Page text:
What is a Calorie?
How you fuel your body is the foundation of health. While physical activity is important, what and how much you eat is the predominant (controllable) factor in your weight status and risk for metabolically related chronic disease (1). Making dietary choices that support health begins with understanding the most basic of nutrition concepts: the calorie and energy density.
What is a Calorie?
If you are interested in managing your weight, you should be familiar with “calories,” and the concept of counting them. A calorie isn’t a tangible thing, but a measurement. In technical terms, a calorie is the amount of heat energy necessary to raise the temperature of a single gram of water a single degree (Celsius) (2). Even more, when you are referring to a calorie, you are actually discussing a “kilocalorie” (kcal or “food calories”), which is 1000 calories or the amount of heat energy necessary to raise the temperature of a kilogram of water a single degree. It’s important to have an understanding of calories because excess energy consumption (above what is needed for biological function and energy needs) is stored as fat and has a number of negative health implications (3). The more calories you consume, the greater your risk for weight and metabolically related health issues.
How Is a Calorie Calculated?
How the amount of energy a food provides is determined is likely completely different than you think. One of the primary methods is with a tool known as a bomb calorimeter. To measure the heat released from a specific amount of a solid or liquid substance, a specific amount of that substance is placed inside a crucible (a container in which substances are placed to be exposed to extreme heat) and then the crucible is placed inside a sealed metal cylinder (the “bomb”). The bomb is then filled with oxygen, surrounded by water, and exposed to extreme heat. The heat exposure continues until the substance has completely boiled off, at which point the temperature of the water is measured to determine the calorie count.
There are a few other methods, including the 4-9-4 system developed by 19th century chemist Wilbur Atwater. Knowing that all calories aren’t simply lost through heat, but that the human body expels some, Atwater used known calorie standards and stool samples to determine that proteins and carbohydrates contain approximately 4 calories per gram and that fats contain 9 calories per gram. Although there is quite a bit of modern debate, and the FDA allows for a margin of error up to 20% on food labels, the Atwater equation is still the most predominant method for individuals to determine the energy density of food and their own total intake (4).
A Calorie is a Calorie, is a Calorie
One of the most heavily debated topics in health science is “calories in, calories out” (5). While in general, the most direct way to manage weight is through manipulation of the energy balance equation (calories in minus calories out), there is a growing body of research dating back over a century that suggests that the first law of thermodynamics—energy can neither be created nor destroyed; energy can only be transferred or changed from one form to another—may not be completely relevant to humans and their goal of managing weight (6, 7). Contemporary scientific research has shown that there are countless factors including cooking, digestibility, and industrial processing involved in how a calorie affects the body (8). Furthermore, there is clinical evidence to suggest that significant long-term caloric restriction may have a number of negative physiological, psychological, and behavioral outcomes (9). What is generally accepted is the concept of “caloric density.” Foods that have low energy (and high nutrient composition) in relation to weight or volume tend to promote healthy weight management (10). Low-energy density foods also tend to have other common characteristics:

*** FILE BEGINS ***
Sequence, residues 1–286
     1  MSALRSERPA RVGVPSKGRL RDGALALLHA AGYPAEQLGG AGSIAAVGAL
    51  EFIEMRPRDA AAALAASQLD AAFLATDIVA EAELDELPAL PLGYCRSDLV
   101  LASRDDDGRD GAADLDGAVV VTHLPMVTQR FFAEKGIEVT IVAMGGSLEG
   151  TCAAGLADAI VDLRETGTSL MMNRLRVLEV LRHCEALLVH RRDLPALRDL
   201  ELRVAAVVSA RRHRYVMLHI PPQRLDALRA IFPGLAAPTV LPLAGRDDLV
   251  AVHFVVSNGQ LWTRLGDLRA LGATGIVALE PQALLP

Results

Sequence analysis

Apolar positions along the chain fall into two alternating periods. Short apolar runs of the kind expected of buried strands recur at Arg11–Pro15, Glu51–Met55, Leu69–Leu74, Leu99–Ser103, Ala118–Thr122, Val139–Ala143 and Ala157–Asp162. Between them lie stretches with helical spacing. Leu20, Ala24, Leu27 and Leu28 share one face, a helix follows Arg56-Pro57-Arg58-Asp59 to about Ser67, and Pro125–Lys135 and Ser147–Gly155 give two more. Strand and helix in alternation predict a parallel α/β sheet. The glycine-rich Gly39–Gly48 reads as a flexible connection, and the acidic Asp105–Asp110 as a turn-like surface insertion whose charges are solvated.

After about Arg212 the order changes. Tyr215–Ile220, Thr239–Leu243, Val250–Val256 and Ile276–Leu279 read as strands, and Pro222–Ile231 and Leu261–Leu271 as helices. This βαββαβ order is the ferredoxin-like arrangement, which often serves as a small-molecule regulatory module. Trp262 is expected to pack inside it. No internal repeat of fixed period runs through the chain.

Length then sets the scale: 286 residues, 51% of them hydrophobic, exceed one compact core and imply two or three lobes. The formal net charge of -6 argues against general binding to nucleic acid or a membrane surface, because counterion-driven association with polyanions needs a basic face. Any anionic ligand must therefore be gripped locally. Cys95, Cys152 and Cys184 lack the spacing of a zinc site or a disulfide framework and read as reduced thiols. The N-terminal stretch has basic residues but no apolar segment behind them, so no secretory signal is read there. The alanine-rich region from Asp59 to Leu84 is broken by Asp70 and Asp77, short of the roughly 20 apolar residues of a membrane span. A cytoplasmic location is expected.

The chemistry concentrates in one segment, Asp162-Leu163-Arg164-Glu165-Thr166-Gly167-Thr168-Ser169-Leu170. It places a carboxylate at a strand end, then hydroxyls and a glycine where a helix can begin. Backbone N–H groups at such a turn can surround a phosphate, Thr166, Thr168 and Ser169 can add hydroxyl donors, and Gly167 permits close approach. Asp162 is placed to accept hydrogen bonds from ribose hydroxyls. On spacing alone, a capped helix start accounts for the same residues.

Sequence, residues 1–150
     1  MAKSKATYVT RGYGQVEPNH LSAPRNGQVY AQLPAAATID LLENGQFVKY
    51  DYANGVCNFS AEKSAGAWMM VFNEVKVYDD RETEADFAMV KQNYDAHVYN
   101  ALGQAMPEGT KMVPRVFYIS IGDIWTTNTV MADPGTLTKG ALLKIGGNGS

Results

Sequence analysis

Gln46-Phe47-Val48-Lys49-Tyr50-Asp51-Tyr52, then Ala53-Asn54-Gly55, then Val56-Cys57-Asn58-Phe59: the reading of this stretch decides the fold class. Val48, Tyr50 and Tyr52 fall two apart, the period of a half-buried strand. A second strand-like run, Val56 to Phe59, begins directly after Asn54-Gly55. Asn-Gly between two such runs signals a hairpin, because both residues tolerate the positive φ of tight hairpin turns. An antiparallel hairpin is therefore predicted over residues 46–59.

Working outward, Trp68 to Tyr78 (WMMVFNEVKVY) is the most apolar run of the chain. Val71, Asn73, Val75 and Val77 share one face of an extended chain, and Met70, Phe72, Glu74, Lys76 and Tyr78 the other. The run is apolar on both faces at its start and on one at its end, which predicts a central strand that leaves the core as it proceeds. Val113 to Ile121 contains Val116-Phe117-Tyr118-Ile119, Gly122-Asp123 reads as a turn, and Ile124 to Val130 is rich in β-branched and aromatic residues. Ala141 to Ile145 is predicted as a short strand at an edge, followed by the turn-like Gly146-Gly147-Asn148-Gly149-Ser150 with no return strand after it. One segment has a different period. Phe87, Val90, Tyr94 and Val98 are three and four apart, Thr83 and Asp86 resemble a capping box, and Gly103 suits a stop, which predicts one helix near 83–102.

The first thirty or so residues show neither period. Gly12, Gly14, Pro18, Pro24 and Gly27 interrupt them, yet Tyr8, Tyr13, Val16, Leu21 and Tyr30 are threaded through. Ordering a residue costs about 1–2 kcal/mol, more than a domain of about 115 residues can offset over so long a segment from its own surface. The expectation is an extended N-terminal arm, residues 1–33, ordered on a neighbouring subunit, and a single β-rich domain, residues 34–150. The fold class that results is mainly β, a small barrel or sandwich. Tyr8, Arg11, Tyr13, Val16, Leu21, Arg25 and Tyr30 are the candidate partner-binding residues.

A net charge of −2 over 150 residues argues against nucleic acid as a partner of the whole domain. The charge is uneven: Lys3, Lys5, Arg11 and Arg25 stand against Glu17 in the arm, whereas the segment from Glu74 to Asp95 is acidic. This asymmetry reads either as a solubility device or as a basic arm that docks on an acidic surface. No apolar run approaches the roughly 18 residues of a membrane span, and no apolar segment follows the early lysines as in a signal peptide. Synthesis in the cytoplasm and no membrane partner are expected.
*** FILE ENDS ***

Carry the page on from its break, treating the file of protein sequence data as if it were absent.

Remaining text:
The glycemic index measures how the consumption of specific foods affects your blood glucose concentrations (13). There is a strong association between foods that are low on the glycemic index and energy density (14). Furthermore, clinical research has suggested that lower glycemic foods offer improved satiety and possibly better weight management outcomes, especially when on a calorie-restricted diet (15).
Recent research has shown that the higher the percentage of processed food (substances several steps removed from their natural form) in one’s diet, the higher the overall caloric intake and risk for weight gain (11). Fruits, vegetables, legumes, oats, and other foods in their natural form tend to have lower energy density and promote health.
The roughage in plant-based foods that your body can’t break down are vitally important for overall health. Because it passes through the body undigested, fiber helps moderate blood glucose levels and support overall metabolic health. Clinical research has shown that fiber intake is greatly associated with healthy outcomes in those looking to manage weight with moderate calorie-restriction diets (12).